The great, always insightful Peter Sunderman makes an argument for principled non-voting over at Culture 11 today, which not only references the one political book I would force every partisan to read if I were (ironically enough!) emperor, The Cult of the Presidency–my chat with author Gene Healy lives here–but also ends with a sane and thus almost entirely overlooked truth:
So vote, or don’t, but either way, don’t agonize over it, don’t raise an eyebrow at your friends and neighbors if they stay home, and don’t worry if the other side wins. Democracy will march on, endlessly entertaining, endlessly frustrating, endlessly compromised, and endlessly mediocre. American greatness has persisted not in spite, but because of this: It is not that our politics make us great; it is that they allow us to do so on our own.
I could quibble a bit and say that more than a few elections have resulted in restrictions on the personal and economic freedoms that allow us the leeway to live lives that, if perhaps not great, are at least more fully our own, which is why I’ll be voting in an election I think will not bode well for individual liberty whoever wins. I’ll admit, however, that the why make myself complicit/encourage the bastards theory of non-voting is singing sweetly as a siren to me this Monday morning. And on this Suderman is exactly right: The fetishization of voting as the supreme civic act is an extraordinarily unfortunate fact of modern political life. Like the welfare state, it absolves people of the need to take any of the real, complex responsibility for what happens to their communities, to their neighbors and loved ones, and, frequently and most sadly, themselves.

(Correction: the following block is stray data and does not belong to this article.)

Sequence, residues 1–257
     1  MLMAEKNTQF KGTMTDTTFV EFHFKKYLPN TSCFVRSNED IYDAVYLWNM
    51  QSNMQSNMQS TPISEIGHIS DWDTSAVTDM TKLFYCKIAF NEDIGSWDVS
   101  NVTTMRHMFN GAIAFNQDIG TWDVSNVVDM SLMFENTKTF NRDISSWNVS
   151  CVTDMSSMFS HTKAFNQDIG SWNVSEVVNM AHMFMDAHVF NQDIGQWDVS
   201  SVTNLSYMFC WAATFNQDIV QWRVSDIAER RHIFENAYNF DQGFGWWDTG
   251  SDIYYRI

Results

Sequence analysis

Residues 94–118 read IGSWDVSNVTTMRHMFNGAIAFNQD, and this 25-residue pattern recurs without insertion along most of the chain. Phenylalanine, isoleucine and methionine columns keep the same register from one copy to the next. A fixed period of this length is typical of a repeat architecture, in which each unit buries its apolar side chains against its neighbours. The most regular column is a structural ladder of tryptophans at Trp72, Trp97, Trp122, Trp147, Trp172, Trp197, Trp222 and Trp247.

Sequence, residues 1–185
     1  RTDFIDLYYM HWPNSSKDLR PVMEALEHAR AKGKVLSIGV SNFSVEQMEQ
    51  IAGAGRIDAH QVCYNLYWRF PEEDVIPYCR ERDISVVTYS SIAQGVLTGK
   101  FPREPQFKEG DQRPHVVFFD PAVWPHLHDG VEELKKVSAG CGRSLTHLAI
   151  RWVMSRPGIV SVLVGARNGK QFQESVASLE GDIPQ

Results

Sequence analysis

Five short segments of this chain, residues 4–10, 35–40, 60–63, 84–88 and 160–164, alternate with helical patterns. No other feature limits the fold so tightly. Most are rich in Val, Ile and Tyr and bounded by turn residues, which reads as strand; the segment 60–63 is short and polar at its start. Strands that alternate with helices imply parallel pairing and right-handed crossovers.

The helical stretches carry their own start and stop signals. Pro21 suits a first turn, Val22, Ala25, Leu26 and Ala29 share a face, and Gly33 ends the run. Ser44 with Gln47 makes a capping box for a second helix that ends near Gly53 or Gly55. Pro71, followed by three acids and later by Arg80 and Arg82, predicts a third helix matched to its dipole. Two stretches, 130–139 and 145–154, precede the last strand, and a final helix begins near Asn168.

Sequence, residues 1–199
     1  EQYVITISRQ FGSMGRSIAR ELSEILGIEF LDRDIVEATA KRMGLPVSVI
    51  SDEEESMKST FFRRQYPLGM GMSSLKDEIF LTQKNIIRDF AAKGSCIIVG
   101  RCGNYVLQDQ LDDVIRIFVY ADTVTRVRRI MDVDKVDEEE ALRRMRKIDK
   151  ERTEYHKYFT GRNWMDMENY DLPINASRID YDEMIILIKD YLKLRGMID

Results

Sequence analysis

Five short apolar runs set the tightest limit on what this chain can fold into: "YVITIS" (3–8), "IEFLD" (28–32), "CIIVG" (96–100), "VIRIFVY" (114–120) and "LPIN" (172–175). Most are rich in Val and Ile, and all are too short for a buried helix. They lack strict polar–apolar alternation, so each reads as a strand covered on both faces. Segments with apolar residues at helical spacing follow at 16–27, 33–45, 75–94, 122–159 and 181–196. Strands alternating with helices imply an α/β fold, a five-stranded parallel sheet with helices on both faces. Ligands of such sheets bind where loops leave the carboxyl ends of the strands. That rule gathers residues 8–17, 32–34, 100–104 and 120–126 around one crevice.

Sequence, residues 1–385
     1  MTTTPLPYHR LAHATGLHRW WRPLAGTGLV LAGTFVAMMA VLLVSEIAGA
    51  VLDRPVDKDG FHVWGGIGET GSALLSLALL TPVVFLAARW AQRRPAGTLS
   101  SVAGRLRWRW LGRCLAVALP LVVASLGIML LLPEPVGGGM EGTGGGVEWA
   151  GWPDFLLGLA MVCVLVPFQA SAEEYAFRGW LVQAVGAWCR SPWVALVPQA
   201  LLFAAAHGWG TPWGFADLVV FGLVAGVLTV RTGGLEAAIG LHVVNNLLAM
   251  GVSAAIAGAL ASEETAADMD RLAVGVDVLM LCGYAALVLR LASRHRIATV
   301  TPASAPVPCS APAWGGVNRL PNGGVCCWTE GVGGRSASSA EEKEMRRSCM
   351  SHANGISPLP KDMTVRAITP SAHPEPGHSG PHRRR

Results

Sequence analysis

Pass the buck and walk around feeling morally superior for spending thirty second in a voting booth? Yes! We! Can!